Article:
I think it was while I watched the show Felicity (I wince as I type that) that I first heard Eva Cassidy's voice. It was immediately "magic to my ears", a lilting feminine voice, ever-so-gently moving through an emotional rendition of Sting's Fields of Gold. Immediately, I was caught in Eva Fever, and since then, I've never been able to shake it.
I started hearing that song in several TV shows. Then, on the radio. Then, I heard other songs with that same voice. 'Who is she?' I wondered. 'Do I know her?' bombarded my mind. On the next trip to the CD store, I flipped through that huge book that often sits on the counter. You know the one...where it lists almost every song that has been recorded, the artists that have recorded it, the years it has been recorded. That's when I first saw Eva's name. Eva Cassidy. Finally, a name to go with that voice.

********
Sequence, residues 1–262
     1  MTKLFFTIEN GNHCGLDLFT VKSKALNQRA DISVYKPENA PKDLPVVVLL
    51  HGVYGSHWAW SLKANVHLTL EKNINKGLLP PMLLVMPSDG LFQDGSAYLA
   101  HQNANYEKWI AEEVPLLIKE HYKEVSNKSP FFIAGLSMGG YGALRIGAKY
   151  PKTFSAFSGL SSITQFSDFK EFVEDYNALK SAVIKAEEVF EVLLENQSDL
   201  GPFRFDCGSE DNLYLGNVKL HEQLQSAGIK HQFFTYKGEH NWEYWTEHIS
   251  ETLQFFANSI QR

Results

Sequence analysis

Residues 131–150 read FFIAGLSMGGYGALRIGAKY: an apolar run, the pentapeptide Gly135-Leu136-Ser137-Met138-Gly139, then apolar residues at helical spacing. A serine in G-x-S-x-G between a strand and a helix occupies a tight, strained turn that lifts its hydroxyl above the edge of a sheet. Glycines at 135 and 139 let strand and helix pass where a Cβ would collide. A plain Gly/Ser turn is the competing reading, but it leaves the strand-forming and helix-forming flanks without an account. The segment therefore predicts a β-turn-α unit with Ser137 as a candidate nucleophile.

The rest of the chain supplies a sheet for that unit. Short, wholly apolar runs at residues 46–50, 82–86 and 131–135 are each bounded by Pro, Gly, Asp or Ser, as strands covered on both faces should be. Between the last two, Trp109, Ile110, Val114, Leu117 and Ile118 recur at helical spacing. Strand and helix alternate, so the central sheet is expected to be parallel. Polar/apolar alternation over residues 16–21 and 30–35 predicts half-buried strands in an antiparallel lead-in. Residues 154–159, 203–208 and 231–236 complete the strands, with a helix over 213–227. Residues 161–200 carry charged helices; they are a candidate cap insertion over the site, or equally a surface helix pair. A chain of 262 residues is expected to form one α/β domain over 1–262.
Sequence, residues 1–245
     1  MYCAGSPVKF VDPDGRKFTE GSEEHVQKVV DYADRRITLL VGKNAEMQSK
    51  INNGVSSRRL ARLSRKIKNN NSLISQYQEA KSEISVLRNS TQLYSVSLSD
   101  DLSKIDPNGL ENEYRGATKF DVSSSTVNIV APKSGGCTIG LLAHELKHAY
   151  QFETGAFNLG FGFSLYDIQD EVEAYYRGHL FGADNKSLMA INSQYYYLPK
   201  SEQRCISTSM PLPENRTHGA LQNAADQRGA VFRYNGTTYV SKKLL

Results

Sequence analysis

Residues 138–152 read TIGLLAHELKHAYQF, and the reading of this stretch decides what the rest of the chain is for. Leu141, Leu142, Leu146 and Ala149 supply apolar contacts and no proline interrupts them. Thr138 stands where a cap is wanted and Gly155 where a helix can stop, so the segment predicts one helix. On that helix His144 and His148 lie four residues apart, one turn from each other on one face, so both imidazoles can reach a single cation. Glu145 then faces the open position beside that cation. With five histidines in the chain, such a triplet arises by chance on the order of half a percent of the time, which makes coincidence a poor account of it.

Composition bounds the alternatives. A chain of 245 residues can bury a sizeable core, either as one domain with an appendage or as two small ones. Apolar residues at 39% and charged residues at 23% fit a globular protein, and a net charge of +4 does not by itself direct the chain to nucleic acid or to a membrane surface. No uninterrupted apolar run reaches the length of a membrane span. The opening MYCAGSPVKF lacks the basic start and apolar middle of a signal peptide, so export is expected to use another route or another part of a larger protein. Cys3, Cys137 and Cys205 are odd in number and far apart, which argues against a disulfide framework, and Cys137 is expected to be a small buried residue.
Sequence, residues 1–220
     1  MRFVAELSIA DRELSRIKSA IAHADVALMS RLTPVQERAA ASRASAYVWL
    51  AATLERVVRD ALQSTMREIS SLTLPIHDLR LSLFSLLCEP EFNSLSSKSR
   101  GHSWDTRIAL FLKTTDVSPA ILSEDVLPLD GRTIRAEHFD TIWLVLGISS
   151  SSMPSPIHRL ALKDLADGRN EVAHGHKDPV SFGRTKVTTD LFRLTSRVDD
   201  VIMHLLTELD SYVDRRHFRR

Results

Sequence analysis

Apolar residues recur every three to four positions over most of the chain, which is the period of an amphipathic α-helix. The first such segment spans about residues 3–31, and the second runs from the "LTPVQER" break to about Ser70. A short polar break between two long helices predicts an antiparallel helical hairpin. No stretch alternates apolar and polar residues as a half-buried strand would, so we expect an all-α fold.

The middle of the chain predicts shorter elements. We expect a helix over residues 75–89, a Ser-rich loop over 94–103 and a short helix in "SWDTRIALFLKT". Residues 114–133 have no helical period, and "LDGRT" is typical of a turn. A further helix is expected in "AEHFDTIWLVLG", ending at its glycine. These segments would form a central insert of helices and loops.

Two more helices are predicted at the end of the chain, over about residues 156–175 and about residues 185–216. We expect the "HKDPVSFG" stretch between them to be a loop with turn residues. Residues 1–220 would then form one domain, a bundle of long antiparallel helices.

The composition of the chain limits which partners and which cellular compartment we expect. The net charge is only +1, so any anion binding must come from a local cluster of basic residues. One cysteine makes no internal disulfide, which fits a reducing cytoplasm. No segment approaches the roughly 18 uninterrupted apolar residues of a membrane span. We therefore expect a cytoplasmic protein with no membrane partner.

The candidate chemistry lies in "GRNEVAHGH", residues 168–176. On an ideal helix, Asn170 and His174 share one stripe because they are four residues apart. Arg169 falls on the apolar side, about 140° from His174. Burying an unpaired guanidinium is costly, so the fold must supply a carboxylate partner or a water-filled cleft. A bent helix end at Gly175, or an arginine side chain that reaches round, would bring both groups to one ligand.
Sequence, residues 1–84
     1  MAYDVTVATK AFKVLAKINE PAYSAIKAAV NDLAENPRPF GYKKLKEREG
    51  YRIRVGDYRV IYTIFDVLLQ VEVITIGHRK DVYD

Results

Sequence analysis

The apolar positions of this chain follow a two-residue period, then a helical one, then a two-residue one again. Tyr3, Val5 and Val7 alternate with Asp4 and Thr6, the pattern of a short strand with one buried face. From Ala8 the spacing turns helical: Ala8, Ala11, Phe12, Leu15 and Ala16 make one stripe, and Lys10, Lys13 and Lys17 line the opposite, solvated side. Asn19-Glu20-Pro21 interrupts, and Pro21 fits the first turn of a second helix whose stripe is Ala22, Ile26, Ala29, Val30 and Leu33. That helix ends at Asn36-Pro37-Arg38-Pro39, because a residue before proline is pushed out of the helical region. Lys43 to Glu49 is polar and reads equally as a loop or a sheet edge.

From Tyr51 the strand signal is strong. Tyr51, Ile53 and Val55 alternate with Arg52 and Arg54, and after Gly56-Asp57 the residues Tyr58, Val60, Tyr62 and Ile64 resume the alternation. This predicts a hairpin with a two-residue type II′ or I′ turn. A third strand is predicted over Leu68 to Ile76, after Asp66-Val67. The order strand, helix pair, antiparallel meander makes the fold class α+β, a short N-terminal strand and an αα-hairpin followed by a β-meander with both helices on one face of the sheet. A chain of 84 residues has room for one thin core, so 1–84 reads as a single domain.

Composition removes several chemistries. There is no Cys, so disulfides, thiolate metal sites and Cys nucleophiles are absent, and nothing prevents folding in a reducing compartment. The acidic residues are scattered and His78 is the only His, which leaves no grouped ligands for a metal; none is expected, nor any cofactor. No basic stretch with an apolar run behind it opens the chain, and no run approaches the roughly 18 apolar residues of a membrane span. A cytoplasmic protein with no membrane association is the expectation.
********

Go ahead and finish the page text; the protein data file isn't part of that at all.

Little did I know that the store had just set up a display with several of Eva's CDs. I could not believe it, so I snagged four of them and rushed out to the car to hear them on my car stereo. (Guess I had more disposable income back then.)
It was not until I had opened that fourth CD that I discovered the shocking, terribly tragic news that Eva was no longer with us. She had passed away after a bout with cancer long before I had even heard her. And, even more sad was the fact that no more recordings would be, could be made. Just the few dozens of songs that were recorded in a small studio and at Blues Alley would remain. Thankfully, those recordings speak (or rather, sing) volumes.
From gospel to folk, from bluegrass to standard, from soul to romantic, Eva is an original...even though she focused on cover tunes. Her interpretations are all her own. If you have not already had the opportunity to hear Eva Cassidy, please take some time to sit back, relax, and listen for a little while.